Saturday, August 7, 2010

Pearl Jam - September 10, 1998

Pearl Jam’s first headlining performance at Madison Square Garden. While it lacked the magnificence that their later MSG concerts there would signify, it was still an amazing moment in the Pearl Jam history, and I am grateful that I got to be a part of it.

Two nights after seeing them live at the Continental Arena in East Rutherford, New Jersey, I would get the chance to witness Pearl Jam at Madison Square Garden. Two of my best friends were attending this show with me, Derik and Ginette, a lovely couple who would marry 3 years later. My wife (at the time) Nancy was sick, and unable to attend the show. With some last minute scrambling, we were able to find a replacement. Ginnete’s friend Dixie would end up going to the concert with us.

Dixie was excited and thankful to be attending the show. She had never seen Pearl Jam live before. It would only be my third time seeing them in concert, but having just seen the band two nights earlier, I was really excited myself. What would they open with? What would they close with? Many questions ran through my head as we made our way into New York City.

I remember that Derik was kind enough to drive us all to the Garden, and I remember that all I wanted to eat for dinner was Roy Rogers. The Garden had one directly underneath them (I think they still do if I’m not mistaken) and I hadn’t had Roys in years, due to most of them closing down. Everybody else was on board, so for our pre-concert meal, it was Roy Roger’s fast food restaurant. Free fixin’s for all! Ginette, Derik, and Dixie were quite amused by my Roy Rogers obsession.

Our seats were far from great, up in the 400s, but I didn’t care. I would be at the show. Looking back on it now, the price on the ticket floors me. It was $25 for the ticket and $6.25 in convenience fees for a total of $31.25. And remember these fees are what Pearl Jam was fighting against. It’s why they boycotted Ticketmaster for a couple of years. Today, that same ticket would cost nearly $80 with fees. That’s nearly a 200% increase over the course of 12 years. No wonder I went to more concerts back then.

We found our seats shortly after eating and settled in to see Pearl Jam. I don’t recall if we sat through Ben Harper or not. I know I saw Ben Harper two nights prior at the East Rutherford show and was not impressed, so I probably was in no rush to see him again. We settled in and soon after, Pearl Jam took the stage.

They opened with the slow, beautiful, Long Road and I was grinning. Long Road is one of those great gems that gets lost in the shuffle of Pearl Jam’s vast catalog, even back then. It was an excellent selection for an opener.

After Long Road, Eddie addressed the audience, saying that he was sure at that moment we didn’t care where or how we got our tickets, we were probably just happy to be there. The crowd roared their approval at this. Eddie went on to say no matter how many records a band sold, no matter how many concerts they performed, they weren’t nothing until they played Madison Square Garden. From there they launched into Corduroy.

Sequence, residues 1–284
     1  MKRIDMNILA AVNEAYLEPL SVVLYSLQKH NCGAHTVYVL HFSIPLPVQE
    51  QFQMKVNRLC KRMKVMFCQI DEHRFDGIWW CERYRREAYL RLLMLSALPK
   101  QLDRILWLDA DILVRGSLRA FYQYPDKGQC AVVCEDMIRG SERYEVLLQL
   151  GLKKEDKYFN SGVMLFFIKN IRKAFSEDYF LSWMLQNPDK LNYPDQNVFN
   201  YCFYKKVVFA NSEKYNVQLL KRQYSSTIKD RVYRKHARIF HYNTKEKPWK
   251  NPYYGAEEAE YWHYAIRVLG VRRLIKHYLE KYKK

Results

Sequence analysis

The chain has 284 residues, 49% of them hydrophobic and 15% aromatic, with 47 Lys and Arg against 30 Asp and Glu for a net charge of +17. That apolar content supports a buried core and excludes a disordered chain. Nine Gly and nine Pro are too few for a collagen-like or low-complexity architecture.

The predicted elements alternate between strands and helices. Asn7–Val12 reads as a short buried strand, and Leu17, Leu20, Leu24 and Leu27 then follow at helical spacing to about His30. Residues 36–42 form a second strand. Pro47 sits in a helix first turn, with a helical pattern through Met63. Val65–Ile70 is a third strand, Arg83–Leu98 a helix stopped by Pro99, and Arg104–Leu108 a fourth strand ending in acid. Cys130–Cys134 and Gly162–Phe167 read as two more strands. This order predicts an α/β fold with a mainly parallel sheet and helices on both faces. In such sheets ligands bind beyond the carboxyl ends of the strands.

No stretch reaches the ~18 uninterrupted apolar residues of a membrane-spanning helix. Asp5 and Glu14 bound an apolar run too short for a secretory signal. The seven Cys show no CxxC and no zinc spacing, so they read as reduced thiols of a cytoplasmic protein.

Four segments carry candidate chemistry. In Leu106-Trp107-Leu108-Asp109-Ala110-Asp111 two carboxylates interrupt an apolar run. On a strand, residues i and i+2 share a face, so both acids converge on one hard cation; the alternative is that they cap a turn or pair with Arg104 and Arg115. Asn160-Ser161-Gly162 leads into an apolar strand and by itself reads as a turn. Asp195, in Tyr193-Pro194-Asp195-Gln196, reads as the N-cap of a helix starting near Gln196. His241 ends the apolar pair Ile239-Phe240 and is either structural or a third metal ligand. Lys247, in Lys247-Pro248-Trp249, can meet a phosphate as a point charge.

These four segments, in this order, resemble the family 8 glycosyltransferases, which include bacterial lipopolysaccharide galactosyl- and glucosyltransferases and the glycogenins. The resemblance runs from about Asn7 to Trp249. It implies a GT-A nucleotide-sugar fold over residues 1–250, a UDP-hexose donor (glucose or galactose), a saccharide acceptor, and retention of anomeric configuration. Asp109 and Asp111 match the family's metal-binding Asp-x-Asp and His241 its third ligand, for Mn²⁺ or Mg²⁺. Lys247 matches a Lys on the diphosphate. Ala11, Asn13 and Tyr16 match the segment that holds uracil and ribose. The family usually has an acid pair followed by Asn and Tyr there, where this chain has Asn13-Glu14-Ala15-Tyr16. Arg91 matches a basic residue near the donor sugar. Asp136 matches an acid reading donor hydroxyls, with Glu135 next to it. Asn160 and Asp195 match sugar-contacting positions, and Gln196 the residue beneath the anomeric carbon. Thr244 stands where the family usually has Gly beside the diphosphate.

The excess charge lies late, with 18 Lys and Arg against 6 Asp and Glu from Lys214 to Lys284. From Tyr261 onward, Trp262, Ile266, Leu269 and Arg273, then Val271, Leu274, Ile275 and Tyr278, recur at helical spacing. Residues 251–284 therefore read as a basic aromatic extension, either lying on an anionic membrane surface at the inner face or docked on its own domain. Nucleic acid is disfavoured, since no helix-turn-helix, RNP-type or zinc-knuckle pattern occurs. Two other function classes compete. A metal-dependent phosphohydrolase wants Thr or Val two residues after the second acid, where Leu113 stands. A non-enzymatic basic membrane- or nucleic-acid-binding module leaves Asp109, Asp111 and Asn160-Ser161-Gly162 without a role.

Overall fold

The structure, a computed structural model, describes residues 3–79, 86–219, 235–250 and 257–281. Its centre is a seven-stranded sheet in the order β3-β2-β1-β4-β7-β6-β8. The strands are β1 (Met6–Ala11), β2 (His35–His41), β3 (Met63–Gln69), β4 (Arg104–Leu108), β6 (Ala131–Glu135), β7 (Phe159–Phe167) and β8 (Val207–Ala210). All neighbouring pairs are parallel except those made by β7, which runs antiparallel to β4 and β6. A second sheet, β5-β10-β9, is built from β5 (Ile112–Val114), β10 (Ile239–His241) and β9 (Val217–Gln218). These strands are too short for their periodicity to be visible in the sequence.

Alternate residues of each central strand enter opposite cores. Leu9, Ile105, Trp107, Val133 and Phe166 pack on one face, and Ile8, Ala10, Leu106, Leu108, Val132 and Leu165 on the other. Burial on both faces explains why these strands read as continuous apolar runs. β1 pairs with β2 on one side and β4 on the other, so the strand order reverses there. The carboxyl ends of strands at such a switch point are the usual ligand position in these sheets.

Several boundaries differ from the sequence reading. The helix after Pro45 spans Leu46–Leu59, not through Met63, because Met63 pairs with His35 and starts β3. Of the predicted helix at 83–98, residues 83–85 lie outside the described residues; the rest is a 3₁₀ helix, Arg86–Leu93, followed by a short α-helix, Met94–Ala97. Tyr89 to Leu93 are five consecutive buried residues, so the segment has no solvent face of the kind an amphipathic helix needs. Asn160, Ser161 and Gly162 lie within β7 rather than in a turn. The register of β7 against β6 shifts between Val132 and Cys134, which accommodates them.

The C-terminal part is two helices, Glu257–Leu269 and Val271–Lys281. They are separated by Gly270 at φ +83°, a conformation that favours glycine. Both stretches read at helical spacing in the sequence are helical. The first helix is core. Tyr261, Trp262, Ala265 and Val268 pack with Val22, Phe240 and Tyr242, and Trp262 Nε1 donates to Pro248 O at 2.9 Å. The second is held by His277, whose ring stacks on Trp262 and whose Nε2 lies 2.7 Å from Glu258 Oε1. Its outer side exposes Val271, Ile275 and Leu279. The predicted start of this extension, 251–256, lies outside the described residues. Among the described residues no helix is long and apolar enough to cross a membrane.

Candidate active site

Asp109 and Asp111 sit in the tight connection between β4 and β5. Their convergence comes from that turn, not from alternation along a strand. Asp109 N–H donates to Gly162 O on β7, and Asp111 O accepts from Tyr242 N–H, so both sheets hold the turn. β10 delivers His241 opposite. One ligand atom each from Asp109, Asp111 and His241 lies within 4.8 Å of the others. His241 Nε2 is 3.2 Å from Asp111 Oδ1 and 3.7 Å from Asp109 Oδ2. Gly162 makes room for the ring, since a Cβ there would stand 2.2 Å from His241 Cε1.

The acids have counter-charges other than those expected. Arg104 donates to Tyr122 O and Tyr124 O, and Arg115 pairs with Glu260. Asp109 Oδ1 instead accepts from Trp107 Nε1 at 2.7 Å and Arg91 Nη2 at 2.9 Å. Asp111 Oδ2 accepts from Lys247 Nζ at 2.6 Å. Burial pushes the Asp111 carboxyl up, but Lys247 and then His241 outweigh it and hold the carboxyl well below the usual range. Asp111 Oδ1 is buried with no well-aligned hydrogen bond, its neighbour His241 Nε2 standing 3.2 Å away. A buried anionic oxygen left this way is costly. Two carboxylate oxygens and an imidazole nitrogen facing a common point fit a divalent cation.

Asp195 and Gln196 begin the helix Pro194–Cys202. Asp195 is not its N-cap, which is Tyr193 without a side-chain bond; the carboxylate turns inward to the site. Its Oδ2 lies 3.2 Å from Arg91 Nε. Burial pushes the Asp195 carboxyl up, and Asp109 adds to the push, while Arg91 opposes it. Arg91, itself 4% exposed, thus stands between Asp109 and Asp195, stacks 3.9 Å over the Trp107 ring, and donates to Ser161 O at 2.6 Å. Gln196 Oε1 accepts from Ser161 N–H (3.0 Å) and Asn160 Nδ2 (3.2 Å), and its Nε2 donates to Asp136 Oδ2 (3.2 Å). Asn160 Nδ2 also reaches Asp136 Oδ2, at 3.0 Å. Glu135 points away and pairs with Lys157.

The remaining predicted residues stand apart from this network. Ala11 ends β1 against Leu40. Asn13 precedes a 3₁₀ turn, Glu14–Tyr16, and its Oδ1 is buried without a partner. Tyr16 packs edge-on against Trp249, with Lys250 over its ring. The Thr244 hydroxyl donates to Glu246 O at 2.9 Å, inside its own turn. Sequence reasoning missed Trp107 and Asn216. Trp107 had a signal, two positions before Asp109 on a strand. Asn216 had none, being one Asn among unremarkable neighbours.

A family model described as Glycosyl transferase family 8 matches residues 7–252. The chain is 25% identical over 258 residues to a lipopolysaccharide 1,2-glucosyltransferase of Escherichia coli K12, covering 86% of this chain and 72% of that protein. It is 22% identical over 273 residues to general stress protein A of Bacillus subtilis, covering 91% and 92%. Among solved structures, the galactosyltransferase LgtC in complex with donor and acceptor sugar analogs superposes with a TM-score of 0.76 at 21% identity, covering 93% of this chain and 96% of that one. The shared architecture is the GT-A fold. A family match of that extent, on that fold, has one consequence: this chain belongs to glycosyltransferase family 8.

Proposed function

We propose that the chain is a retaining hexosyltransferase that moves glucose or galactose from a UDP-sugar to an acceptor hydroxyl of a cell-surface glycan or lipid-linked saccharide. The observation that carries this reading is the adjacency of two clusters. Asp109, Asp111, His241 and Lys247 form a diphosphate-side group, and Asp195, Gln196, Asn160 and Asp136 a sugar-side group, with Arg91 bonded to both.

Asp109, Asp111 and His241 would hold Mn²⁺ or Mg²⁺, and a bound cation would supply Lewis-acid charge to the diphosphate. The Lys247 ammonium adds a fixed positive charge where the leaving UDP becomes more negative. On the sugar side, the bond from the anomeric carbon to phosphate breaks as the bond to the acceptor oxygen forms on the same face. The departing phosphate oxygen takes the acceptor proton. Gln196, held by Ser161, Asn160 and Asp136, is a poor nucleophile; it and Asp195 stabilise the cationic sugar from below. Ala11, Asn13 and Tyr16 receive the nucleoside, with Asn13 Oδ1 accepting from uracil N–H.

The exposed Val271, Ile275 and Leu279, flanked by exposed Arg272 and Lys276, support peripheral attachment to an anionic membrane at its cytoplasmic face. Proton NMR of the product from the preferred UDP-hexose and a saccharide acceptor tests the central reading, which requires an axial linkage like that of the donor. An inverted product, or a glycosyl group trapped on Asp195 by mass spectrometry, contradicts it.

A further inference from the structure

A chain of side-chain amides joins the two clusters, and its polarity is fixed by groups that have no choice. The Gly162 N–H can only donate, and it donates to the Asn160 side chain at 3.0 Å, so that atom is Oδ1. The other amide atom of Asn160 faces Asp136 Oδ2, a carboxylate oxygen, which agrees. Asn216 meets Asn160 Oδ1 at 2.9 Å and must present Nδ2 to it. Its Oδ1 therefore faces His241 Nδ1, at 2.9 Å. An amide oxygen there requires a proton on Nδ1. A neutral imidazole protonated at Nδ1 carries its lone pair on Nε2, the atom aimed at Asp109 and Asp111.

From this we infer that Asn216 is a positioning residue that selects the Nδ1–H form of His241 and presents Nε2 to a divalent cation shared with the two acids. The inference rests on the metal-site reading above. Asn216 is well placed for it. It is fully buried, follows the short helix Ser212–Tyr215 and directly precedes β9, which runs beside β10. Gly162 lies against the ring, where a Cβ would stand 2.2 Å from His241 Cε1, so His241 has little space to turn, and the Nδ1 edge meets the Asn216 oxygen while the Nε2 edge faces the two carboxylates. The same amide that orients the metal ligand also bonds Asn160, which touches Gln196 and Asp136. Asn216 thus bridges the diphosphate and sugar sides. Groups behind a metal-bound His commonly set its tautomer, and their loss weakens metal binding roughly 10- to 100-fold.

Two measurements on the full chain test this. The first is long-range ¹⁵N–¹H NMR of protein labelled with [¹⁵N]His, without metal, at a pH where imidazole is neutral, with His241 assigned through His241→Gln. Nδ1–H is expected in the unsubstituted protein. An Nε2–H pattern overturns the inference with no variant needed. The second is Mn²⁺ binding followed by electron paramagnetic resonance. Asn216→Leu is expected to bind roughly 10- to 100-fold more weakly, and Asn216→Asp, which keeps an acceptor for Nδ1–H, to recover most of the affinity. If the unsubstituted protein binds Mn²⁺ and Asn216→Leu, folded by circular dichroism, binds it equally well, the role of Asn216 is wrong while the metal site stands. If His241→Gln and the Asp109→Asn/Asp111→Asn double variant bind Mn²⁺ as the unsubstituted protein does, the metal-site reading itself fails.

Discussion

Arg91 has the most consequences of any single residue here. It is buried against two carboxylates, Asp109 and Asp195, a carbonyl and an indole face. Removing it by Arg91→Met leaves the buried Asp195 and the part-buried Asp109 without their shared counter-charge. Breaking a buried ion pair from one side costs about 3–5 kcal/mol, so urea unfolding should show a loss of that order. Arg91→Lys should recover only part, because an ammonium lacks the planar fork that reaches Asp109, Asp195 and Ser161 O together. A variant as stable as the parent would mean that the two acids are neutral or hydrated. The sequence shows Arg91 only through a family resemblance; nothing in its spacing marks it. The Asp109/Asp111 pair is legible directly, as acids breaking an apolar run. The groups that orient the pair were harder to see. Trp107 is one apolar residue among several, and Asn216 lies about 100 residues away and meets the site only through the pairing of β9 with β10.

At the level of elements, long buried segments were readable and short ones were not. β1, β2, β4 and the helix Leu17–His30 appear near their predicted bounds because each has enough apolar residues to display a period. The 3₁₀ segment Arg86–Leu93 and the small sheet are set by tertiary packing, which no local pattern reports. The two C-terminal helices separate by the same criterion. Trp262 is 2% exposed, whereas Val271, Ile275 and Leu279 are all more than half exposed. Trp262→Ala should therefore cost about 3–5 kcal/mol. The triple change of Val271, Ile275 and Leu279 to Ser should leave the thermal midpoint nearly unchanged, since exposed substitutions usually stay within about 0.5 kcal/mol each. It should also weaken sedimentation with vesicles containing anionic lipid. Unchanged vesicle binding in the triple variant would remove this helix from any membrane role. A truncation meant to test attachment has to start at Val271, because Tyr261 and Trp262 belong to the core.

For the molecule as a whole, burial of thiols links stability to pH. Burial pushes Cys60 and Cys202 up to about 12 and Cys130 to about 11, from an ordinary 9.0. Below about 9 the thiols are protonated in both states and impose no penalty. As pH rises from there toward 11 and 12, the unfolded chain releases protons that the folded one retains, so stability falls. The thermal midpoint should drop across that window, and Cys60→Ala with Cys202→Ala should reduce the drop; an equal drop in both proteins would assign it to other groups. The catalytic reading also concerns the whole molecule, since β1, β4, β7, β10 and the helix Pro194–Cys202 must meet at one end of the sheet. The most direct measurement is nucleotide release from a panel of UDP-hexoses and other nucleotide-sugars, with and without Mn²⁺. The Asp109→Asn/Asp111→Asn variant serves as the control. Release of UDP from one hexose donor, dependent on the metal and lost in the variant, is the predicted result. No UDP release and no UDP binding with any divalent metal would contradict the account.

One thing I recall from this concert was how the band was still evolving as a live act. Eddie did not address the crowd much during this show. Perhaps the band was still in awe of their first performance at the Garden. In later shows, Eddie would talk and talk and talk, which was excellent, but on this particular night, there was not a lot of talking going on, just plenty of exceptional music performing. It would be 11 songs before Eddie would even speak to the crowd again, and it would be until the end of the set before he would say anything that lasted more than 30 seconds.

During this tour, Pearl Jam was supporting their latest album (and in my opinion one of their greatest), Yield. We got 6 songs from that album performed that night, including the rarely played gem, All Those Yesterdays, which the band messed up the ending of, and Eddie called them on it.

The Breath campaign also continued this night. After a performance of Alive, the band was overwhelmed by a sea of Breath signs yet again. This prompted Eddie to comment that he hadn’t seen that much organization since New Jersey (which was two nights prior). He told the crowd that they were asking for a song called Breath, and even though the band was off the day before, Pearl Jam didn’t have time to learn it. Breath would not come on this night, but it would come the following night, the one local area concert that I would miss.

The rest of the night was packed with excellent encores. Wishlist, Rearview Mirror, Black, and Elderly Woman… highlighted the encore. For the last song of the night, Pearl Jam chose Soldier of Love, the B-Side to their cover of Last Kiss which was a huge hit for them that summer. Soldier of Love is one of those songs that Pearl Jam rarely plays in concert (I don’t even think they played it much on this tour), so it’s nice knowing that I was one of the few that got to see it live.

For their first ever Madison Square Garden concert, Pearl Jam did what they always do, they gave an excellence performance. Everyone went home happy, my friends and me included. It was an honor to see the band perform their first ever concert at Madison Square Garden and it is a night that I will always remember.

Long Road
Brain of J
Last Exit
Given To Fly
Even Flow
In Hiding
I Got Shit
Better Man
Do The Evolution
All Those Yesterdays
Rearview Mirror
Hail, Hail
Elderly Woman Behind The Counter
Fuckin’ Up
Soldier of Love

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